You want to automatically rotate and archive router logfiles on a Unix server.
The Bourne shell script in Example 18-1 automatically rotates router logfiles to ensure that these files don't become too big and cumbersome to navigate. The script is intended to be invoked via a cron job on a daily basis, but you can also run it manually. By default, the script retains seven days worth of archived logfiles and compresses files older than two days. No arguments are required or expected.
Example 18-1. rotatelog.sh
#!/bin/sh # # rotatelog.sh -- a script to rotate logfiles and # compress archived files # # Set behavior SYSLOGPID=/etc/syslog.pid LOGDIR=/var/log LOG=rtrlog DAYS=7 COMPRESS="/usr/bin/compress -f" # # Program body [ -f $SYSLOGPID ] || echo "Syslog PID file doesn't exist" if [ -d $LOGDIR ]; then cd $LOGDIR [ -f $LOG.1 ] && Q$COMPRESS $LOG.1Q && sleep 1 while [ $DAYS -gt 1 ] do LOW=Qexpr $DAYS - 1Q [ -f $LOG.$LOW.Z ] && mv $LOG.$LOW.Z $LOG.$DAYS.Z DAYS=$LOW done [ -f $LOG ] || echo "Log file $LOG doesn't exist" [ -f $LOG ] && mv $LOG $LOG.1 touch $LOG chmod 644 $LOG sleep 10 kill -HUP Qcat $SYSLOGPIDQ # else echo "Log directory $LOGDIR is not valid" fi
If left unchecked, the router logfiles grow until your disk space runs out. This script is designed to rotate router logfiles on a daily basis to ensure they don't grow too large.
This script will rotate logs on a daily basis and retain seven days worth of archived logfiles, and overwrite files that are older than this. To reduce the required disk space of the archived logfiles, the script will retain the previous day's log, in a normal format, and compress the remaining days. The number of archived days stored by the script is completely configurable. For instance, to change the number of archived days to 30, change the DAYS variable:
The script is initially configured to rotate a file called /var/log/rtrlog, but it can easily be configured to rotate any logfile by changing the two variables, LOGDIR and LOG. The variable named LOGDIR contains the directory that the logfiles reside in, and the variable LOG contains the name of the logfile itself. For instance, if you want to change the script to rotate a file called /var/adm/nmslog, then you would modify the following lines in the script:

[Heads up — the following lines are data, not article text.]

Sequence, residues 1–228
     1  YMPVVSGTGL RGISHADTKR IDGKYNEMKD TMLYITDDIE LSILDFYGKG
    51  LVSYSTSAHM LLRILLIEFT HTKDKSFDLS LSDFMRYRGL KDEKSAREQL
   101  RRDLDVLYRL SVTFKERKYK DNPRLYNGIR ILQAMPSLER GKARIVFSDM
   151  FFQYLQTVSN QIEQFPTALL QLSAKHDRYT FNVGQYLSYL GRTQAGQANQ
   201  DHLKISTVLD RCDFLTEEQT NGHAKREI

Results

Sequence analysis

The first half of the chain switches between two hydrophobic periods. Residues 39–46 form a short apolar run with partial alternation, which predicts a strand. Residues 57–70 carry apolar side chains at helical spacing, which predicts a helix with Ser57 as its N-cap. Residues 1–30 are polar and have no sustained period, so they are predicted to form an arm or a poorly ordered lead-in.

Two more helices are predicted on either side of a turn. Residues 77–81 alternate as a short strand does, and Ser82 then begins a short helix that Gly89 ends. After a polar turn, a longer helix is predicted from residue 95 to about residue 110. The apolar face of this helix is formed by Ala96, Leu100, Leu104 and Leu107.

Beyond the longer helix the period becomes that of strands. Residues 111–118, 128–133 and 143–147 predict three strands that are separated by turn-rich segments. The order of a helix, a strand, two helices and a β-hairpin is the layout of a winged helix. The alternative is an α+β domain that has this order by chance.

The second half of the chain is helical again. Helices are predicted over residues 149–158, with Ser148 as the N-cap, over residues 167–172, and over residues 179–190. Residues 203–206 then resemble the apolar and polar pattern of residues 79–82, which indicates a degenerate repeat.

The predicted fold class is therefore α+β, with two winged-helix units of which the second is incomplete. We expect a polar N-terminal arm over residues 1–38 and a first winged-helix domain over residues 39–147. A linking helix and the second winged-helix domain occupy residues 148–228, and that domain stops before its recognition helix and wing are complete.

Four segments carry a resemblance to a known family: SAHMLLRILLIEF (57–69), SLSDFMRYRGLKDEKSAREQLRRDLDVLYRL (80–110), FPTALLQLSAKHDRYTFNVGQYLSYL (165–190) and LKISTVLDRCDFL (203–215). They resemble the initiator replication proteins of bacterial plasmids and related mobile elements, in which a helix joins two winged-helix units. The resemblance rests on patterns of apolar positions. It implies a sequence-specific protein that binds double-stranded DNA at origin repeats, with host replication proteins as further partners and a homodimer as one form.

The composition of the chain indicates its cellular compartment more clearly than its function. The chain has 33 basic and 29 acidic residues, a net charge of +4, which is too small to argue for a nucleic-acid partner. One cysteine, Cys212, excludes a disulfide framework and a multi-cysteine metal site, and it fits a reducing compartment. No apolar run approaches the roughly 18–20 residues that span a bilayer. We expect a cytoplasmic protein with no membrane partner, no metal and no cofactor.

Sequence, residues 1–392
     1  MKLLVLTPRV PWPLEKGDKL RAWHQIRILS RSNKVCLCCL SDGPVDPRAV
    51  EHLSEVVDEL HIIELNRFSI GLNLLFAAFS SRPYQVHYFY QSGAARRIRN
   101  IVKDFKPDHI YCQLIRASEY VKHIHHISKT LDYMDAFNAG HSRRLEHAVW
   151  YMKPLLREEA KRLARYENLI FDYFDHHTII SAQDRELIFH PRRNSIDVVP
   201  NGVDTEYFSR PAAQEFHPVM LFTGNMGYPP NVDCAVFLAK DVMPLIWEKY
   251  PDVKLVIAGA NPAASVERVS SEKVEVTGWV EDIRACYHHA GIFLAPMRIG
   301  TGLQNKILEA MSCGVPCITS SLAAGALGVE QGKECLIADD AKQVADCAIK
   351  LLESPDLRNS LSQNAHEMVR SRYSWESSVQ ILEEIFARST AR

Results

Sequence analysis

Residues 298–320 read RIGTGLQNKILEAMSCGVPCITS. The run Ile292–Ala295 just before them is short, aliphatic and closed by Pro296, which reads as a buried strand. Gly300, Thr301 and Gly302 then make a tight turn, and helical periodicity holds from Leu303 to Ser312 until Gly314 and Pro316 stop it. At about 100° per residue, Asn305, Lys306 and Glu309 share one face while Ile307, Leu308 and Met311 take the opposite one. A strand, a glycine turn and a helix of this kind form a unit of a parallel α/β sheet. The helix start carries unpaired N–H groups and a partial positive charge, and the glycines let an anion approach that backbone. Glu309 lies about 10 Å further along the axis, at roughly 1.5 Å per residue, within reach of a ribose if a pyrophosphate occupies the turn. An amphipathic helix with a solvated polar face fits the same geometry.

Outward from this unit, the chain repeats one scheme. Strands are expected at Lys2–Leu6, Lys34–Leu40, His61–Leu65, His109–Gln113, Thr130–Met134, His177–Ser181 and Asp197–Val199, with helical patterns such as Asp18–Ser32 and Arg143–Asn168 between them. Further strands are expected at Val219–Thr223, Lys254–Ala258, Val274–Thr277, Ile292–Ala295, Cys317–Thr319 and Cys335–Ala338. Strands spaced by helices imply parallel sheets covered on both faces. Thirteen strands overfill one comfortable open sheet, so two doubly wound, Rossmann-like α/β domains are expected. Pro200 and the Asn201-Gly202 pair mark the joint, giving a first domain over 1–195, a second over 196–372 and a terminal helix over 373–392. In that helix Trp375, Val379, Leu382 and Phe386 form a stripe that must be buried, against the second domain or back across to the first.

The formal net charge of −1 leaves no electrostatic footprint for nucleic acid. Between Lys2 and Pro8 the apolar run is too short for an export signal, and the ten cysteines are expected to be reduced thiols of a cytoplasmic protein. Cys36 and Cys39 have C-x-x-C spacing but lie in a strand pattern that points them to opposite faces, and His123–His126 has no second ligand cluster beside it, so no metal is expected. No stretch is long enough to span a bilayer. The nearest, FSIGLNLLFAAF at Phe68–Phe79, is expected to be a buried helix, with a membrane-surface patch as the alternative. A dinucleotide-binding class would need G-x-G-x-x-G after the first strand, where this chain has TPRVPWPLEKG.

The final variable that may require modification is the SYSLOGPID variable. This variable contains the location of your system's syslog.pid file. The script assumes that the process ID number (PID), which is carried by the SYSLOGPID variable, can be found in the file /etc/syslog.pid, which is a common location for Solaris-based machines (another common location is /var/run/syslog.pid). Configuring the script with the correct syslog.pid location is vitally important; otherwise, your logfiles will not rotate correctly. To find the location of your syslog.pid file on your system, use the following command, which can take several minutes to run:
server% find / -name syslog.pid print /etc/syslog.pid server%
As mentioned earlier, the script is intended to be launched from cron on a nightly basis. Since it will likely require root privileges to create the necessary files, launch the script from root's crontab. Below is an example of the crontab entry required to launch the script each day at midnight (assuming it is located in /usr/local/bin):
0 0 * * * /usr/local/bin/rotatelog.sh
Finally, since archived files older then one day, are compressed, we should mention some methods of working with compressed files. First, to view a compressed file, use the zcat command or uncompress c command. To permanently uncompress a compressed file, use the uncompress command (without any switches).
Router Configuration and File Management
User Access and Privilege Levels
Handling Queuing and Congestion
Tunnels and VPNs
NTP and Time
Router Interfaces and Media
Simple Network Management Protocol
First Hop Redundancy Protocols
Appendix 1. External Software Packages
Appendix 2. IP Precedence, TOS, and DSCP Classifications